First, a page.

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About golandsky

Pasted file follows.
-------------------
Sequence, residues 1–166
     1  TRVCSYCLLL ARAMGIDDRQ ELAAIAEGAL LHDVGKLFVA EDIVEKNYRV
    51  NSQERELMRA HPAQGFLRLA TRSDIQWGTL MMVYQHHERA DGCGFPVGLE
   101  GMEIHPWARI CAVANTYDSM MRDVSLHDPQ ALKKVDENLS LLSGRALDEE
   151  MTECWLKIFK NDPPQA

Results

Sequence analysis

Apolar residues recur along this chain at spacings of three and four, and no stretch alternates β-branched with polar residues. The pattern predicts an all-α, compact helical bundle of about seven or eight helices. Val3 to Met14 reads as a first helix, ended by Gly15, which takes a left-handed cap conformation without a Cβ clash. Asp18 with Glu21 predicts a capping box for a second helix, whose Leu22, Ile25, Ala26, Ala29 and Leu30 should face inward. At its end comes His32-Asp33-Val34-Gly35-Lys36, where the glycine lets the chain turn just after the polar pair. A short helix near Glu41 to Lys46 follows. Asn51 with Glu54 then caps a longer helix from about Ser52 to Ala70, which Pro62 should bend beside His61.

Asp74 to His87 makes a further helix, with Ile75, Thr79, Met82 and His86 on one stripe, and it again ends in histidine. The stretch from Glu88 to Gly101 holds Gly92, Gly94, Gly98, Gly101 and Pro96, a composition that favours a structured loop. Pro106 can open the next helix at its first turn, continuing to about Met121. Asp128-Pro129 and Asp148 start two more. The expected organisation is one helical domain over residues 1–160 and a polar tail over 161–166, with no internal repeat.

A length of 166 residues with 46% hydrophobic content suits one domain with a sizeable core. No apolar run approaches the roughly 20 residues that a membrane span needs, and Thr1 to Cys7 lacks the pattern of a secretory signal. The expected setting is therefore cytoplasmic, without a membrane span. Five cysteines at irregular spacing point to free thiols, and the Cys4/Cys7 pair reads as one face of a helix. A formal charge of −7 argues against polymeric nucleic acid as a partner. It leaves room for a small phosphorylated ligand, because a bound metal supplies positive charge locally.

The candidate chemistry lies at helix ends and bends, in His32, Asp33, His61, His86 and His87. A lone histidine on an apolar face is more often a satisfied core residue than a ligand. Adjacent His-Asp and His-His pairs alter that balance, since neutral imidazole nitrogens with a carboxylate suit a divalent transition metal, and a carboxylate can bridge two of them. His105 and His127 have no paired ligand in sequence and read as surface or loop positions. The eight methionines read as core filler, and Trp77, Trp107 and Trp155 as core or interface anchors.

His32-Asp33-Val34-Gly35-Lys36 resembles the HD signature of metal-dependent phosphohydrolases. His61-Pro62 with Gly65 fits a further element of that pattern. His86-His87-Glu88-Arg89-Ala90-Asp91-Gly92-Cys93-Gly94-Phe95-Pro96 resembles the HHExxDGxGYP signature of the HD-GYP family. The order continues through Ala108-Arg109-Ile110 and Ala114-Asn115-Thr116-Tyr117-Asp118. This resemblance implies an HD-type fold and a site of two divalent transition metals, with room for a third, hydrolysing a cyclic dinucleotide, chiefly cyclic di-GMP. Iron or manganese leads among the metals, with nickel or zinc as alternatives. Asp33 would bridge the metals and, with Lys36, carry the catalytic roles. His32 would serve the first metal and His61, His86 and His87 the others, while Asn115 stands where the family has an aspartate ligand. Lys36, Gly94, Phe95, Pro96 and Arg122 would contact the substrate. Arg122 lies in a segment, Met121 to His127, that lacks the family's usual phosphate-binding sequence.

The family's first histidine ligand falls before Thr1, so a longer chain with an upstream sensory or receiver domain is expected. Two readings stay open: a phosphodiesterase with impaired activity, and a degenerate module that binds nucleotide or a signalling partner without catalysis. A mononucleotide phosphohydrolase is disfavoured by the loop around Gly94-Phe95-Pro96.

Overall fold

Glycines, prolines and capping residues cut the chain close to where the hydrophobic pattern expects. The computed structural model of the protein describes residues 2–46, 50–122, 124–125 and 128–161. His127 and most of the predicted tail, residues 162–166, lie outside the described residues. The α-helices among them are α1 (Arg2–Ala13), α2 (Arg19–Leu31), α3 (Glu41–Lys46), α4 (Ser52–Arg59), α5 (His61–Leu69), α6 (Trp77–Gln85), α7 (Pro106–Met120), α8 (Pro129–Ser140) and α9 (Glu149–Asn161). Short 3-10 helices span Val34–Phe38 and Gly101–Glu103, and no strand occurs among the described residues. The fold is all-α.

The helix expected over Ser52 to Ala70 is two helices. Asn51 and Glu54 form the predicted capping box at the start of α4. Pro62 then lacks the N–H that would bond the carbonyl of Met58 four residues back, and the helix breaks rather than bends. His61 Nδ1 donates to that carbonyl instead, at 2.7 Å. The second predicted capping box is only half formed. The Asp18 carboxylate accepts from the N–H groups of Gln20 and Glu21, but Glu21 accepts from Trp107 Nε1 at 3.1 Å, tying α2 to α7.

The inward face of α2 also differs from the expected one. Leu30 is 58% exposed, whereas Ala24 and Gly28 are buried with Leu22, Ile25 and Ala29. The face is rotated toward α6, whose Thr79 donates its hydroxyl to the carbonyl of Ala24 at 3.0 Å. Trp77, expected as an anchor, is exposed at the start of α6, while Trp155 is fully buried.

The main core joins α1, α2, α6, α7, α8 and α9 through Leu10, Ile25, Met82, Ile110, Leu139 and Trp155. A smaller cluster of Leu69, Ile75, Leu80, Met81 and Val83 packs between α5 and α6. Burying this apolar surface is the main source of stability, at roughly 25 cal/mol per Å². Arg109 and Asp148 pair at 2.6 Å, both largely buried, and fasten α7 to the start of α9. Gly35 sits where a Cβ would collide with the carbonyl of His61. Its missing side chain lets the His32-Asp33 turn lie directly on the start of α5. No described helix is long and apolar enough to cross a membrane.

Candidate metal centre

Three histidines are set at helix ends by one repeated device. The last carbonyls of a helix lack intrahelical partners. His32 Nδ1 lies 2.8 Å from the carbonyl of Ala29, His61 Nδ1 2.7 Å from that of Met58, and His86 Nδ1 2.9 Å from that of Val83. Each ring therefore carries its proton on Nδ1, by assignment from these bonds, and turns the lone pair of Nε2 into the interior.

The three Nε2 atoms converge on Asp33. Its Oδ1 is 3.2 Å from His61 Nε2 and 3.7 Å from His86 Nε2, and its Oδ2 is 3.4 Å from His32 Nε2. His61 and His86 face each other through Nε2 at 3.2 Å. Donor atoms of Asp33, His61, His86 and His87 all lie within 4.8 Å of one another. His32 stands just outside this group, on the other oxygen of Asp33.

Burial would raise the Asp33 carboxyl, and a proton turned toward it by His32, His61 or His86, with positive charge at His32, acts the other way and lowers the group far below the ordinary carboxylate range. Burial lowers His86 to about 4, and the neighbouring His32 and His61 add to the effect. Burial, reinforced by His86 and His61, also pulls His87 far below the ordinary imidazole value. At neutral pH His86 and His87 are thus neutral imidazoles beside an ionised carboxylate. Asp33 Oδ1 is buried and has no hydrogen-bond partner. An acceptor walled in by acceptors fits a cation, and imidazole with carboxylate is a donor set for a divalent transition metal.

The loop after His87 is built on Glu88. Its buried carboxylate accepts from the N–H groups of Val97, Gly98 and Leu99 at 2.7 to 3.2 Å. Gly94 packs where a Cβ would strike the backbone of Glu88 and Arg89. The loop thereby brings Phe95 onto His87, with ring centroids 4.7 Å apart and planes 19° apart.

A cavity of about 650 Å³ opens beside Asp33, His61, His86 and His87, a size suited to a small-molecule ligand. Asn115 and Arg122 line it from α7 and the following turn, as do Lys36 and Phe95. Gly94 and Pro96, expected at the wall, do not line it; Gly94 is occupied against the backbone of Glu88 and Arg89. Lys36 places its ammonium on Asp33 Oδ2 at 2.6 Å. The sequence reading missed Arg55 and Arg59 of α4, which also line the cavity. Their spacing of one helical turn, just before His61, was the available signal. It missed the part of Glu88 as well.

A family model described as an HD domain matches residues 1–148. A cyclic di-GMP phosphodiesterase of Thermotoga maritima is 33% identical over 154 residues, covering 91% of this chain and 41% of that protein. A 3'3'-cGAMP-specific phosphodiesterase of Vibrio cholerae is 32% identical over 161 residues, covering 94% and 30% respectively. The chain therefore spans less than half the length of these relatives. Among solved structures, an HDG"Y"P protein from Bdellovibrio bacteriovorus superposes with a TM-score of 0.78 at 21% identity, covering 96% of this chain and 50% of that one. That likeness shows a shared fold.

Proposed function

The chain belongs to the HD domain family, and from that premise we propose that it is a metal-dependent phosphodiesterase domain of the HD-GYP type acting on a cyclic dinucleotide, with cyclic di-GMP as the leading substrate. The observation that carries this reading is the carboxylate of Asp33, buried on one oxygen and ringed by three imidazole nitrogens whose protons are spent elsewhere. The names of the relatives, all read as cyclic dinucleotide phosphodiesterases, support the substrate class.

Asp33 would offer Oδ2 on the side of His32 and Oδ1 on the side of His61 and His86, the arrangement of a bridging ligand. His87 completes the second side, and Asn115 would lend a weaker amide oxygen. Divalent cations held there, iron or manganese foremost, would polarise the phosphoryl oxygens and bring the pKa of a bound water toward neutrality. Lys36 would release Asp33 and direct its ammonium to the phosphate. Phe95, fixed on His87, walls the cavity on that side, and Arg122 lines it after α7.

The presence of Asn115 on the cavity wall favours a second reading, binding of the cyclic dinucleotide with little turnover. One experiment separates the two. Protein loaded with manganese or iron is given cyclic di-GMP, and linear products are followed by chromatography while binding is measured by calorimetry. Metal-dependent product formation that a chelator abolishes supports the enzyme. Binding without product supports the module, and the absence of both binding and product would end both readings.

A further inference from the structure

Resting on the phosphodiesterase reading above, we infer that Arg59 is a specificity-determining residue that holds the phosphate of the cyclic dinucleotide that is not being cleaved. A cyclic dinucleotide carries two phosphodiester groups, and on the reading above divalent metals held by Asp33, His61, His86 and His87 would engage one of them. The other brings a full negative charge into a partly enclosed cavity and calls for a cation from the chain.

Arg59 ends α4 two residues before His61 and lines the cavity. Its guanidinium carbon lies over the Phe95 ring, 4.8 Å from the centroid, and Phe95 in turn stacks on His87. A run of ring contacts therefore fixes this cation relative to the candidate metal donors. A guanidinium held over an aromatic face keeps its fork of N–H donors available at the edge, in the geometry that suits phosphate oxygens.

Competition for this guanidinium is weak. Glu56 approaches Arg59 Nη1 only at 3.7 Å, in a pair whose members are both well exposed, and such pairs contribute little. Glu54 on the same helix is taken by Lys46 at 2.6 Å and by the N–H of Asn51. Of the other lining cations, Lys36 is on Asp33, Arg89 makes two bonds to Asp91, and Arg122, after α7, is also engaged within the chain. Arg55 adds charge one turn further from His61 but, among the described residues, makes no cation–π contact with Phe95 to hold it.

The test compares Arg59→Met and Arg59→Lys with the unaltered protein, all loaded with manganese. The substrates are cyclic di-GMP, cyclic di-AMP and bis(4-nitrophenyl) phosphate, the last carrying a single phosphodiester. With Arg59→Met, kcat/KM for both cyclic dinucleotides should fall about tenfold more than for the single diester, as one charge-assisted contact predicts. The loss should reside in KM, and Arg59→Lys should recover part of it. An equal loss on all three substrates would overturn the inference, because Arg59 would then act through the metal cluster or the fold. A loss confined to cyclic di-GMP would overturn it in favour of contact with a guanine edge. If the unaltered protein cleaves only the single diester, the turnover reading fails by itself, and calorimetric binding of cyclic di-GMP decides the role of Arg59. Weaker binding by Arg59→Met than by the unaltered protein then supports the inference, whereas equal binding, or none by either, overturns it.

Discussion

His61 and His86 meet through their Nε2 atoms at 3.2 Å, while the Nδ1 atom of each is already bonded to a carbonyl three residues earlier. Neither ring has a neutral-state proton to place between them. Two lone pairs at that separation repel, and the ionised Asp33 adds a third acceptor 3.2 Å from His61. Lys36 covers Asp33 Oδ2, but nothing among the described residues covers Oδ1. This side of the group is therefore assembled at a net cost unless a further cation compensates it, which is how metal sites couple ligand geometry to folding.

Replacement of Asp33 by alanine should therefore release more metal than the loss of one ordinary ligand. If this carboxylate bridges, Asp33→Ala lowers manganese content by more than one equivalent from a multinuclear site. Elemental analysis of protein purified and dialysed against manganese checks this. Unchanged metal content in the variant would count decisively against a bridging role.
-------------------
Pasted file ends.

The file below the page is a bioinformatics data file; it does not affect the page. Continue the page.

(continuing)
Edna Golandsky is the leading exponent of the Taubman Approach. She has earned wide acclaim throughout the United States and abroad for her extraordinary ability to solve technical problems and for her penetrating musical insight. She received both her bachelor of music and master of music degrees from the Juilliard School, following which she continued her studies with Dorothy Taubman. Performers and students from around the world come to study, coach, and consult with Ms. Golandsky. A pedagogue of international renown, she has a long-established reputation for the expert diagnosis and treatment of problems such as fatigue, pain, and serious injuries, including carpal tunnel syndrome, tendonitis, focal dystonia, thoracic outlet syndrome, tennis and golfer’s elbow, and ganglia. She has been a featured speaker at many music medicine conferences. She is also an adjunct professor of piano at the City University of New York (CUNY). Ms. Golandsky has lectured and conducted master classes at some of the most prestigious music institutions in the United States, including the Eastman School of Music, Yale University, the Curtis Institute of Music, and Oberlin Conservatory. Internationally, she has given seminars in Canada, Holland, Israel, Korea, Panama, and Turkey. In 2001 she was a guest lecturer at the European Piano Teachers’ Association in Oxford, England, and in July 2003 she conducted a symposium in Lecce, Italy. In August 2010, she gave a master class and judged in a piano competition at the Chatauqua Festival. She was a guest presenter at the World Piano Pedagogy Conference in 2003 and 2009 and was engaged to return in October 2010. In 2011 she was a guest presenter at the Music Teachers National Association in Milwaukee, Wisconsin; the Piano Teachers Congress of New York; and the Music Teachers Association of California. She gave week-long workshops at the Panama Jazz Festival at 2009 and 2010 and will return in 2012. For the past three years, Ms. Golandsky and violinist Sophie Till have been working on a detailed application of the Taubman principles for string players. An instructional book about beginning lessons in the Taubman Approach for violinists is slated to come out in the future. Ms. Golandsky’s application of the work for computer users has resulted in Healthy Typing, an instructional DVD. Edna Golandsky is the person with whom Dorothy Taubman worked most closely. In 1976 Ms. Golandsky conceived the idea of establishing an Institute where people could come together during the summer and pursue an intensive investigation of the Taubman Approach. She encouraged Mrs. Taubman to establish the Taubman Institute, which they ran together as co-founders. Mrs. Taubman was executive director and Ms. Golandsky served as artistic director. Almost from the beginning, Mrs. Taubman entrusted Ms. Golandsky with the planning and programming of the annual summer session. She gave daily lectures on the Taubman Approach and later conducted master classes as well. As the face of the Taubman Approach, Ms. Golandsky discusses each of its elements in a ten-volume video series. Mrs. Taubman has written, “I consider her the leading authority on the Taubman Approach to instrumental playing.”